Composition - The Rule of Thirds
One of the most used compositional rules in photography and one that I use quite a lot is the ‘Rule of Thirds‘
It is probably one of the most important compositional rules that a photographer can learn, by following this rule, your images will be well balanced and have impact. However it is not the only rule and can be broken should the image require it, but to break it you have to understand it.
Imagine that the view finder or LCD screen of your camera is split into thirds both horizontally and vertically, creating a grid of nine squares. With the grid in your mind’s eye, now focus on the points where the lines cross, there will be four in total, upper left, upper right, bottom left and bottom right.
When framing your landscape try and place a point of interest from within the landscape on one of the intersections and the horizon line along either the upper or bottom gridline.
In the example above, the tree has been deliberately placed on the upper right intersection with the horizon line falling along the upper horizontal gridline. This has left space to the left of the tree to guide the viewers eye into the picture. Purely by chance the clump of grass has fallen nicely on the bottom right intersection.
Composition - The 80/20 Rule
Another compositional rule of thumb used by many landscape photographers, is the 80/20 rule. This equates to composing the shot with either 80% land and 20% Sky in the image or 80% Sky and 20% land.
There are many times when you will come across a great sky over a rather plain or uninteresting landscape. This is when the 80/20 rule can be used to good effect. To make the most of the great sky we’re going to give it 80% of the upper image area, whilst the rather uninteresting landscape will occupy the lower 20% of the frame.
This rule can be reversed when we have an interesting landscape but a rather bland sky. The landscape will occupy 80% of the image area with the sky only occupying the upper 20% of the frame.
Using ND Grad Filters
Neutral Density Graduated Filters, or more commonly referred to as 'ND Grads'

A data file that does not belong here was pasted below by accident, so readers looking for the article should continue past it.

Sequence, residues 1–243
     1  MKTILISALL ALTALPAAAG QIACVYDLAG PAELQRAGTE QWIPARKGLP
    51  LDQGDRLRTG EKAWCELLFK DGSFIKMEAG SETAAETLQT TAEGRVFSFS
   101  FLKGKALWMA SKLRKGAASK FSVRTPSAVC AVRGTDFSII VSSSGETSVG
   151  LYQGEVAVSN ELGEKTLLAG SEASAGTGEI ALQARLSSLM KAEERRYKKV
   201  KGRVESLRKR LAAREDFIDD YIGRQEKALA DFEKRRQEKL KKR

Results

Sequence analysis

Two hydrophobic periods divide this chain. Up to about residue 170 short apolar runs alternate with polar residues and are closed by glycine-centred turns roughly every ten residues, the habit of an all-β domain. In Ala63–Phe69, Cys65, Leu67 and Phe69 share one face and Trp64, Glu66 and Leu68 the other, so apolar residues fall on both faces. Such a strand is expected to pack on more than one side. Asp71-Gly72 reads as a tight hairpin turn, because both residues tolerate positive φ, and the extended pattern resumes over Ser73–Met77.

are probably the most commonly used filters by the landscape photographer and are a must have. Available in ‘soft’ or ‘hard’ edged transition versions they’re sole purpose is to reduce the brightness difference between the sky and the land without changing the colour temperature.
The filters are available in different strengths, in singles or in sets, a set usually consisting of a 1-stop, 2-stop and 3-stop, often referred to as 0.3, 0.6 and 0.9ND depending on which filter system you use.
As a rule of thumb, use soft edged ND Grads on landscapes with broken horizons i.e. mountains or trees that break the horizon line. If the horizon line is straight then a hard edged ND Grad is more appropriate.
To determine which strength filter you will require, take a meter reading of the light falling onto the land, filling the whole frame excluding any sky and make a mental note. Repeat this process for the sky. The difference between the two readings will give you the strength of ND Grad filter required.
To use ND Grads effectively, they need to be positioned carefully. The transition from dark to clear must fall on the horizon line. This is sometimes difficult to see through the view finder, so if your camera has a 'Depth of Field'
preview button, use it to stop the lens down and position the filter whilst doing so.
More tips and techniques to follow!